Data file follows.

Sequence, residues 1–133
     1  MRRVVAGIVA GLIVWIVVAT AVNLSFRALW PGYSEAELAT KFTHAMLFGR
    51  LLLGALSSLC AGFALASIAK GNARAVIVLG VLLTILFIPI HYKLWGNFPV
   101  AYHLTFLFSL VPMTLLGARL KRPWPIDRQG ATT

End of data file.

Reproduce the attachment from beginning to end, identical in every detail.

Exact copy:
Sequence, residues 1–133
     1  MRRVVAGIVA GLIVWIVVAT AVNLSFRALW PGYSEAELAT KFTHAMLFGR
    51  LLLGALSSLC AGFALASIAK GNARAVIVLG VLLTILFIPI HYKLWGNFPV
   101  AYHLTFLFSL VPMTLLGARL KRPWPIDRQG ATT